Rozner: Maddux sees himself in Cubs' Hendricks
On the surface, it seems ridiculous to mention Kyle Hendricks in the same sentence as Greg Maddux.
Seriously, you're talking about one of the greatest of all time, a pitcher who won 355 games and received 97 percent of the vote when on the Hall of Fame ballot for the first time.
The numbers, well, they are extraordinary. Suffice it to say that Maddux is 25th all-time in WAR and eighth all-time in WAR for pitchers.
There aren't many humans who belong in the same sentence as Greg Maddux.
Nevertheless, there are legitimate reasons for thinking of Maddux when watching Hendricks pitch.
If you think that crazy, Maddux himself says he sees it.
"I like watching him pitch," Maddux said of Hendricks. "I like guys that rely on movement and location. I can relate to him. That's what I had to do.
"I'd rather watch him pitch than some lefty throwing 95 mph."
Hendricks said last week that he's aware of the constant comparisons as he closes in on the major league ERA crown.
"It's humbling and it's nice, but I don't think a lot about it," Hendricks said. "He's one of the greatest of all time and I have a long way to go."
Maddux would have none of that.
"I think it's great," Maddux said. "I look at the way he pitches off his fastball kind of like I did, and you look for guys who pitch the way you did.
"For me, it was (Orel) Hershiser and even Mike Morgan. Our fastballs kind of do the same thing. Hendricks has a little movement and it sinks. It's not a four-seamer that's straight and it doesn't cut much.
"Like (John) Smoltz's fastball was straight and it cut a little. Mine would run or sink, depending on how I threw it, and when I picture Hendricks, I see it running and sinking.
"Off-speed is off-speed. Whatever you can throw -- slider, curve, change -- you throw your fastball where you want and throw your slow pitches in the right counts and situations."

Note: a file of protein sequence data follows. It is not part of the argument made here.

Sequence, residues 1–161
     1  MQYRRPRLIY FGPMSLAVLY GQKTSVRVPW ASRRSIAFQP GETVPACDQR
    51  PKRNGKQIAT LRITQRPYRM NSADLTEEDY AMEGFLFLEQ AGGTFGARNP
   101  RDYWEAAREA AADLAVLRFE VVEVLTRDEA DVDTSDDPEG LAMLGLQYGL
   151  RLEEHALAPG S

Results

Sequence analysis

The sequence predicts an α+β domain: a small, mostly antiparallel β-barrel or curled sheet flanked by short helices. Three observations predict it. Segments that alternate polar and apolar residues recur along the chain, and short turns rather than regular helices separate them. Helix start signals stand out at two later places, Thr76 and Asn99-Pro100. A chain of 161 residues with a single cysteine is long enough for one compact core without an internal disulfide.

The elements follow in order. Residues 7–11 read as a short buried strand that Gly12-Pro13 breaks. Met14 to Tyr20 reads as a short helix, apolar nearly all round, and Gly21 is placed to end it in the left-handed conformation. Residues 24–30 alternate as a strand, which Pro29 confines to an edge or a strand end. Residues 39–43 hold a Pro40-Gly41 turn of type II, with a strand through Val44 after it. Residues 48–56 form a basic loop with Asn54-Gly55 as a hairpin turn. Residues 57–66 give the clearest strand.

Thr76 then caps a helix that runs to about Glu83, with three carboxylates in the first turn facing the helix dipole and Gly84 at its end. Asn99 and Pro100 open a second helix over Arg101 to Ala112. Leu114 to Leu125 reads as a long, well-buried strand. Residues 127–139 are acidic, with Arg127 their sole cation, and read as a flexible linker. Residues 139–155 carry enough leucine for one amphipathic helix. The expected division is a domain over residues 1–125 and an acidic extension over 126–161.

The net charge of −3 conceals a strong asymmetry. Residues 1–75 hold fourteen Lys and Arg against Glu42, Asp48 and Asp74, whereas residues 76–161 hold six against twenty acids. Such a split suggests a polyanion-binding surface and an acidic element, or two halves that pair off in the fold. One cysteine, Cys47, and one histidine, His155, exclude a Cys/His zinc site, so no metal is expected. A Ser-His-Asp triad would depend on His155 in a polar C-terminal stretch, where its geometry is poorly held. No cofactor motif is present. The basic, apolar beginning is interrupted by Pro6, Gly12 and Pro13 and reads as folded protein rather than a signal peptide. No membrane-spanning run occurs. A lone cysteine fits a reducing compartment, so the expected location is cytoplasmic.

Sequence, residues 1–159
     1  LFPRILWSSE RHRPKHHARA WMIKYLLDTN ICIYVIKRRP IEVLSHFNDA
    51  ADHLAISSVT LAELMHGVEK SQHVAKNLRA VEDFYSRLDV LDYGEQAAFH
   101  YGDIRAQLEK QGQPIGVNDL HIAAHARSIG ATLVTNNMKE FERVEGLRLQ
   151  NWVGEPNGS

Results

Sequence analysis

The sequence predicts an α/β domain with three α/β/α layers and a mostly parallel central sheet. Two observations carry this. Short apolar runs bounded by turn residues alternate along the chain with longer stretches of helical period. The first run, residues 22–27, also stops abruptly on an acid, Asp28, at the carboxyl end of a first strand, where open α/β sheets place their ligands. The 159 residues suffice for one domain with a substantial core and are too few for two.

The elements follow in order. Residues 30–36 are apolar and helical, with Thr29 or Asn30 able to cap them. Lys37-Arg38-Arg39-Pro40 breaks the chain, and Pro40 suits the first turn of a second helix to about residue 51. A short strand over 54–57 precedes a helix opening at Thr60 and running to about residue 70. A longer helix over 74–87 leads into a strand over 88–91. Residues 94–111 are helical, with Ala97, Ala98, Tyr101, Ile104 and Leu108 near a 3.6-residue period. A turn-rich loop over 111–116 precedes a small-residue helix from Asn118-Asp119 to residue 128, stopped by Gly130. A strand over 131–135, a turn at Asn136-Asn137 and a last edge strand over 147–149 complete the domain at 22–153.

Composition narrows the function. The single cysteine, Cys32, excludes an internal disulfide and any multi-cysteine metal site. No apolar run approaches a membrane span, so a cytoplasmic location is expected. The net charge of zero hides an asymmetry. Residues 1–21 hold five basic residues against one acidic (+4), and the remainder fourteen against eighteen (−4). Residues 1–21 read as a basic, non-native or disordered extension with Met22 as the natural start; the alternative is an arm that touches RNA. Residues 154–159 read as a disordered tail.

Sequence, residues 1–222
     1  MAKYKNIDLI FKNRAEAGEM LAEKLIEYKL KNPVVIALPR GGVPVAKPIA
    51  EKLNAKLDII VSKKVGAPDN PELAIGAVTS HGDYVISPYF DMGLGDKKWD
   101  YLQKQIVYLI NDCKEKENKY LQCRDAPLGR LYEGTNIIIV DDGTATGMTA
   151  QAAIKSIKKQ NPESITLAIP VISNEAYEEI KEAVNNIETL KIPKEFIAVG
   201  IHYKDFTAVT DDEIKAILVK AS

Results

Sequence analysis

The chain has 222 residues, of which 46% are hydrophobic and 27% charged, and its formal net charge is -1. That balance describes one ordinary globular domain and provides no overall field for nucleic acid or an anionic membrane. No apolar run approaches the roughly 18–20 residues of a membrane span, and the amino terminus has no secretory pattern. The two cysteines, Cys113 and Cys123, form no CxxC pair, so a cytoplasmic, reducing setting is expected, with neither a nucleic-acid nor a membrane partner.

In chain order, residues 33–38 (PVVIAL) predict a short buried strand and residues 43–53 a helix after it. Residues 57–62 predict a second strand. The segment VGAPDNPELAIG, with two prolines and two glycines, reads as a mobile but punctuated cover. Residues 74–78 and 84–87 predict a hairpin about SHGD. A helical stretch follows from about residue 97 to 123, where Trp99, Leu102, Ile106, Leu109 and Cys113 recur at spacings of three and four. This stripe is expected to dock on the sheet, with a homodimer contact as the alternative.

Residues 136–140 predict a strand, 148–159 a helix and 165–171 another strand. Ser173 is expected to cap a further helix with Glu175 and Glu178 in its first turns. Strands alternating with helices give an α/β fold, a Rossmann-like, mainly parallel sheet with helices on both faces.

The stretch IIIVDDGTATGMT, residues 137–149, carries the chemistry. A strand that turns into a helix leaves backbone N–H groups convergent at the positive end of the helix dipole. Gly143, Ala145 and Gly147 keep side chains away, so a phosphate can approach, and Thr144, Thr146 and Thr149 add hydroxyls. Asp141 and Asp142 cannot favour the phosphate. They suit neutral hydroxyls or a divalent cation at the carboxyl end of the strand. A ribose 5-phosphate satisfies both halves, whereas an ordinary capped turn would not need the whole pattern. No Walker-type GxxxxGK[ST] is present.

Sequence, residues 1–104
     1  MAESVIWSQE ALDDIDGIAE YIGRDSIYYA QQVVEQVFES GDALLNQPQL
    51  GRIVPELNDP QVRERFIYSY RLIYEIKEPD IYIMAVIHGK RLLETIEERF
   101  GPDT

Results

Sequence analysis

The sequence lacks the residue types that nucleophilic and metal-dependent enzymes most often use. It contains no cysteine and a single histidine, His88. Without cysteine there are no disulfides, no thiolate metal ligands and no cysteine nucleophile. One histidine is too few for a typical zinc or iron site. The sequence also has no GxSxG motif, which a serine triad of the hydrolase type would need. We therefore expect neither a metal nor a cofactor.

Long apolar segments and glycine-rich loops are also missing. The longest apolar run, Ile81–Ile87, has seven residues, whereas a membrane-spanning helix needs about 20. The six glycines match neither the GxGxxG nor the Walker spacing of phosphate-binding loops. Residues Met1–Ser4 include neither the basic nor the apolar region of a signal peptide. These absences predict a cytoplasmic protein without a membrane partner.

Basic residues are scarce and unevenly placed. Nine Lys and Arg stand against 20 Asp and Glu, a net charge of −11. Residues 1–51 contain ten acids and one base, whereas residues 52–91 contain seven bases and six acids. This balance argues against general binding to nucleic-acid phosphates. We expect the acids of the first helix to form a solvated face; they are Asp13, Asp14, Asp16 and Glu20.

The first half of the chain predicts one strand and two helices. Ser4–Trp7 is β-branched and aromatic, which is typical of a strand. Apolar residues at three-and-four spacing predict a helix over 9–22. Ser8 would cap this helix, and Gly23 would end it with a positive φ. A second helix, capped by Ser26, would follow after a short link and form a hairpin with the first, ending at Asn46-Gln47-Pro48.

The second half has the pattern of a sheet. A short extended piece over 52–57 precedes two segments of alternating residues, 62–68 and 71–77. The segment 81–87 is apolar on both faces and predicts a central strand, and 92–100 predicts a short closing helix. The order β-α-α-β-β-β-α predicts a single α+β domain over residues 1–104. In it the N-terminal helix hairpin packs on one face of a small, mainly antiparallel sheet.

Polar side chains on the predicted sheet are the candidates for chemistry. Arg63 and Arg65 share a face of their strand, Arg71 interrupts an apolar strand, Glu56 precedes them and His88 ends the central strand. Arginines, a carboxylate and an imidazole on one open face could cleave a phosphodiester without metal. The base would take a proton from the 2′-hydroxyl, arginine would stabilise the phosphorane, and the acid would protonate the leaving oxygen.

Sounds simple -- if you've won 355 games.
"You know, it's pretty simple if you understand a hitter's approach and what he's trying to do, so you know where you're more likely to have success," Maddux said. "It's just a matter of recognizing counts and hitter tendencies and you pitch accordingly.
"Someone with an inside-out swing likes the ball middle-in instead of middle-out. The opposite is true. You understand when a guy is diving or pulling off. You recognize that and it gives you pitch selection.
"That's the whole game. That's what you're always trying to figure out. Then, it's pretty much down to execution."
While general managers and chicks dig the radar gun, Maddux -- not surprisingly -- has never been much of a fan.
"The radar gun and spin rates and all that stuff is real big in scouting," Maddux said. "It will allow you the chance to get drafted higher and play minor league baseball, and then you can just go ahead and … "
Um, toss it out, said Maddux in so many words.
"It's nice to have velocity because you can get away with a few more mistakes," Maddux said, "but if it was a speed contest you wouldn't even have to play the games.
"In all 15 games today, whichever pitcher executes the most pitches and keeps the ball in front of the outfield will win."
Maddux imparts his wisdom these days as a volunteer pitching coach at UNLV -- where son Chase is pitching -- while dabbling as a president's assistant for the Dodgers.
That's when he's not adding a new driver or putting stroke to his golf game.
But he still enjoys the major league game.
"I'm watching mostly Dodgers games, but I usually fall asleep in the fifth or sixth inning and watch the rest when I get up," Maddux laughed, noting his early tee time Saturday morning. "It's been fun to watch all these kids play well for the Dodgers. It's good to feel a part of something and have a team to root for."
Maddux, however, is not without conflict this postseason. He works for the Dodgers, his brother is the pitching coach in Washington, he played half his career in Chicago and worked the last four years in Texas.
"It's going to be a great postseason," Maddux said. "You pitch and you have a great chance. Pitch well and run into a home run every now and then. Not that complicated."
For Maddux, it never is.
• Listen to Barry Rozner from 9 a.m. to noon Sundays on the Score's "Hit and Run" show at WSCR 670-AM and follow him on @BarryRozner on Twitter.